Community Center garden plans form at last minute

       A garden is about to take shape at the Westside Community Center.
       One had been proposed earlier this year, but plans did not come together and until very recently funding did not appear to be available for the 2011 season either, according to Larry Stebbins, head of Pikes Peak Urban Gardens.

Mike Gale (red shirt) and Lisa Redfield (green shirt, on stage) work with kids Oct. 9 during the free Recreational Bike and Tire Repair offered every second Saturday in the Westside Community Center gym.
Westside Pioneer photo

       That's when he had a conversation with Dick Siever, director of the center. PPUG has an arrangement with the city, not the center, for overseeing any garden at Westside. However, Siever also has supported the idea as a project that would “add some activity to the center,” as he phrased it this week.
       The next thing Stebbins knew, plans were coming together for about $10,000 worth of materials, and this Saturday, Oct. 16, Siever said he expects about 120 volunteers to show up at the center to help Stebbins pull it all together.
       “He's a professional. He's forgotten more about gardening than I ever knew,” Siever said.
       Asked about the origin of the funding, he said that in recent months he had talked to certain individuals who had liked the idea of a garden on the site. When Siever told them about the funding shortfall recently, those people stepped forward with donations..
       “My head's still spinning,” Stebbins said. “If you would have told me this a month ago, I would have said you're crazy. But I guess it's hard to keep down a good project.”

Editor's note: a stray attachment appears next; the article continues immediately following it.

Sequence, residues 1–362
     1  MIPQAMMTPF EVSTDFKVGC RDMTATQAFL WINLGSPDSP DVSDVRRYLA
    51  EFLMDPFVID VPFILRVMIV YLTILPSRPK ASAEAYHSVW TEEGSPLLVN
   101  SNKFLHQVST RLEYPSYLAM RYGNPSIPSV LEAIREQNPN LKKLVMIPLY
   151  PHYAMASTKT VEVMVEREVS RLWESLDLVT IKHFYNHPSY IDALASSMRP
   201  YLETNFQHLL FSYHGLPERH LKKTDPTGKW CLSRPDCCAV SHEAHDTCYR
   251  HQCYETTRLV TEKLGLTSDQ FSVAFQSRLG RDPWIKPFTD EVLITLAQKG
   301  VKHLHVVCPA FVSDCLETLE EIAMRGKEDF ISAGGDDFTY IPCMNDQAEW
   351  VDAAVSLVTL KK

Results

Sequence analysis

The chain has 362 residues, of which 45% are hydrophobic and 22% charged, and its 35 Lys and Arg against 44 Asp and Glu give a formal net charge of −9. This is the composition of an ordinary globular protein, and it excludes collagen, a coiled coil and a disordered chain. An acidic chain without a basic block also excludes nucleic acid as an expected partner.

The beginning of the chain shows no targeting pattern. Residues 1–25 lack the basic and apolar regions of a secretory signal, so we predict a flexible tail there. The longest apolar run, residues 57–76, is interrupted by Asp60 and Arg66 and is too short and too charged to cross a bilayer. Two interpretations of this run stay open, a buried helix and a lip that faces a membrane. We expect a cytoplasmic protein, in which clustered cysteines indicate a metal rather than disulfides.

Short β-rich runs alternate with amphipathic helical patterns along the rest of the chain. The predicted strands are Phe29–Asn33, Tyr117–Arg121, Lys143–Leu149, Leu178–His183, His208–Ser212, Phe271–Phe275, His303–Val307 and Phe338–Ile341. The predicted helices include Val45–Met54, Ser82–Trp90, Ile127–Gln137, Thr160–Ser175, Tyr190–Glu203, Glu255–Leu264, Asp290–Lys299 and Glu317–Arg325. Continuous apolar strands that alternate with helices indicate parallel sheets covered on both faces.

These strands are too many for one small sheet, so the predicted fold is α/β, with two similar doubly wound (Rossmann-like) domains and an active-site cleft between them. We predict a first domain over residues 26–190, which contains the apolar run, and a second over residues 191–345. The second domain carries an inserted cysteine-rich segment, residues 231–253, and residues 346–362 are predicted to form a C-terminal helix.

The location will be the middle part of what used to be the playground when the property was Buena Vista Elemementary.
       Stebbins said he has mapped out a plan for 72 garden beds, 4-by-8-foot in size, with 3-foot pathways between them. Most will be 24 inches high, with six to eight of them 30 inches so that people with disabilities can garden in them.
       Similar to the set-up that has proven successful at two other Westside community gardens (in the 2800 block of Pikes Peak Avenue and in Vermijo Park), Stebbins said the spaces will be leased by individuals. The lease payments will cover the cost of the water provided by the city. However, “scholarships” will be available to people who want to garden and can't afford to lease, he said; also, 10 percent of the food that's grown in the garden will be designated for the Westside CARES pantry that's been inside the community center since last spring.
       The volunteers are slated to work at the center from about 8 a.m. to noon Oct. 16. Work will include building the bed boxes from pine boards and smoothing in the soil that's being delivered to the site, Stebbins said. The idea is that the soil will mature through the winter, and as a result be more amenable to growing activities in the spring.
       Not all the garden prep work will be done Oct. 16. Work postponed till spring will include installing the water connection to the garden and putting up a fence - probably chain link, like at Vermijo - around it.

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